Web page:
Study says vaccine hesitancy is complex, but may be minimized when recommendations come from a trusted physician
Doctors and researchers from Jesse Brown VA Medical Center in Chicago published a study focused on veterans' willingness to receive the COVID-19 vaccine. The research shows the importance of patients' trust in physicians, healthcare organizations, pharmaceutical manufacturers and the government when making health decisions.
Jesse Brown VA Medical Center researchers surveyed and interviewed over 180 unvaccinated veterans at JBVAMC who received both VA care and a diagnostic test for COVID-19.
The study found that the 40% of its participants disagreed that they would get the COVID-19 vaccine. Those participants were more likely younger, female, and to have fewer comorbid medical conditions.
In-depth interviews revealed several barriers to COVID-19 vaccination, including lack of trust in the government and vaccine manufacturers, concerns about the speed of vaccine development, fear of adverse effects, and fear the vaccine was a tool of racism. However, researchers found that willingness to accept vaccination was associated with reliance on a doctor or family member's recommendation and with a belief that vaccines are effective.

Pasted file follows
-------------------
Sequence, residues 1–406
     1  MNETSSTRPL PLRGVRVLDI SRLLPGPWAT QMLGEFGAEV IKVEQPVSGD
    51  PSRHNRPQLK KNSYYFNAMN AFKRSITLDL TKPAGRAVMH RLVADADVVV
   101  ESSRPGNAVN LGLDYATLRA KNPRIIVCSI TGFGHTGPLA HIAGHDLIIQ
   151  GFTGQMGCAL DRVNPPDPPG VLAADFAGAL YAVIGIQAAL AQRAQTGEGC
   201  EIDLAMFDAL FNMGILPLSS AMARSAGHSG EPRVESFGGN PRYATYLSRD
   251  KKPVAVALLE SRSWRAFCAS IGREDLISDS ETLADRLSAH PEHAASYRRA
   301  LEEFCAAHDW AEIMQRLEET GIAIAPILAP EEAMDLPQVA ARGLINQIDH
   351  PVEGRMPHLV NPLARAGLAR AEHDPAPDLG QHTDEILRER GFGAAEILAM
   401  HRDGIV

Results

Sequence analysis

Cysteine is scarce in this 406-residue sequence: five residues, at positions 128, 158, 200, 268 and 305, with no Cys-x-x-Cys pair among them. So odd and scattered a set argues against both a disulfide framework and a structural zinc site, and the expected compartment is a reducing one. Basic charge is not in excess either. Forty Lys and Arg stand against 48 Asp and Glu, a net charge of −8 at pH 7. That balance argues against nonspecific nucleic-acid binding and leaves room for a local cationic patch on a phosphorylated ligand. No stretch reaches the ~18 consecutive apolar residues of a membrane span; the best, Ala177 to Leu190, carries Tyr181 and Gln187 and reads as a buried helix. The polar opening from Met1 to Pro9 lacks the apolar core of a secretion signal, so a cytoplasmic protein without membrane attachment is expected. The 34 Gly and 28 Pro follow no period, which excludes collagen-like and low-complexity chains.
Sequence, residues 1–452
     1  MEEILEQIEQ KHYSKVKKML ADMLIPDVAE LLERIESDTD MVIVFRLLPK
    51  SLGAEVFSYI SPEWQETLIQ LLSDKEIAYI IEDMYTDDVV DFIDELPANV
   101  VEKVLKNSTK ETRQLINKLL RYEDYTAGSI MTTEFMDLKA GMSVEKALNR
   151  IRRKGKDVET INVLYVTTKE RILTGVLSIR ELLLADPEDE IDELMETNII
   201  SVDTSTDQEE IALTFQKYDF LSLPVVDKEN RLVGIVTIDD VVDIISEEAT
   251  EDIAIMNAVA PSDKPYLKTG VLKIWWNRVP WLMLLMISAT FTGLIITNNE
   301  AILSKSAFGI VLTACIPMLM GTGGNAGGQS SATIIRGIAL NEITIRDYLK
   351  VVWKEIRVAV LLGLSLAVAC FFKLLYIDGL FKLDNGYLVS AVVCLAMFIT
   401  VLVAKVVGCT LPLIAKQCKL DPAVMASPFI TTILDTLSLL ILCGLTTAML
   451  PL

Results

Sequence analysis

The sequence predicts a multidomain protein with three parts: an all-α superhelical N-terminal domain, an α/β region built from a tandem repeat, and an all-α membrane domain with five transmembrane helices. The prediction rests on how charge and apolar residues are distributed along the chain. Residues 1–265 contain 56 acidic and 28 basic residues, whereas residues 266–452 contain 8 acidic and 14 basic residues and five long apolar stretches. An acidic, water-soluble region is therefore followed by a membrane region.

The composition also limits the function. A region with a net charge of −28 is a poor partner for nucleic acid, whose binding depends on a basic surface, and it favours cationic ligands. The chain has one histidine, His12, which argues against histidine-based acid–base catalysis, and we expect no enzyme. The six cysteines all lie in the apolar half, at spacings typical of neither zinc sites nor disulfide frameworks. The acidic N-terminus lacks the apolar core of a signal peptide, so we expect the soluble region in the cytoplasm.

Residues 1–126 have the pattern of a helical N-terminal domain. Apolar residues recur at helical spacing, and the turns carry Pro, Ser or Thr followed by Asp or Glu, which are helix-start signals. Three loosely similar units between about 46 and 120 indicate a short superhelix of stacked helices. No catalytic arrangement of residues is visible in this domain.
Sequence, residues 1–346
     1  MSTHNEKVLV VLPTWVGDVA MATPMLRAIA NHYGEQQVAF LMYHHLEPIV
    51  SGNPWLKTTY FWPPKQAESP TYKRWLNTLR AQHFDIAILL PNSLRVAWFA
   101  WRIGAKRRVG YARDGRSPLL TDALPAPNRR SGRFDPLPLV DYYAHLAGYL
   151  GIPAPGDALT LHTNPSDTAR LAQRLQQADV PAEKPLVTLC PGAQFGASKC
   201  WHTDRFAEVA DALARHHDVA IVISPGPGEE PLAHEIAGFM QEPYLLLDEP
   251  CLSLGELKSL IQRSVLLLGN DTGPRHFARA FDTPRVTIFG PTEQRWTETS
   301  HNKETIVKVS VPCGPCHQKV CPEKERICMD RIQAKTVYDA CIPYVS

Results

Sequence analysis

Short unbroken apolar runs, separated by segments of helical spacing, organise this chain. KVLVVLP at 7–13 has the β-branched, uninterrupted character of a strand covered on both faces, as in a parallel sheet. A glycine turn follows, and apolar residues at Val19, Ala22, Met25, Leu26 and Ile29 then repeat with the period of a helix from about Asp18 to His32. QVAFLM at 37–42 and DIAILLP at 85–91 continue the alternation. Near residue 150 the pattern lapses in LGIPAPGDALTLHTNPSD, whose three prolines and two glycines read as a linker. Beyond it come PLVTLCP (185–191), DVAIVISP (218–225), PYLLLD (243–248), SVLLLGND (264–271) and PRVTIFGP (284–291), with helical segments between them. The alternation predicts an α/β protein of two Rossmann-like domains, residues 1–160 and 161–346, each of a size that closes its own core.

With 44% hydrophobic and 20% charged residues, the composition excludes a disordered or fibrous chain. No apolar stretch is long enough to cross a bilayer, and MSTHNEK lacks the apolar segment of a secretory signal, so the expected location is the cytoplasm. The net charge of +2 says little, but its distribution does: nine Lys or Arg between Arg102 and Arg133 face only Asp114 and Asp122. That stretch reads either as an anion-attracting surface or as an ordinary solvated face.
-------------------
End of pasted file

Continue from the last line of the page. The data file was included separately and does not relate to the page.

"This study fills a hole in current research on willingness to receive the COVID-19 vaccine, focusing solely on veterans," said Dr. Howard Gordon, co-author of the study and doctor at JBVAMC. "It highlights the complexity of patients' deliberation about COVID-19 vaccination and may help physicians and other health care providers understand patients' perspectives about COVID-19 vaccination."
To read the study in its entirety, visit BMC Infectious Diseases.
Jesse Brown VA Medical Center has provided more than 58,000 COVID-19 vaccines to veterans, spouses, caregivers, and employees so far. To learn more about the different services Jesse Brown VA Medical Center offers to veterans, visit our website.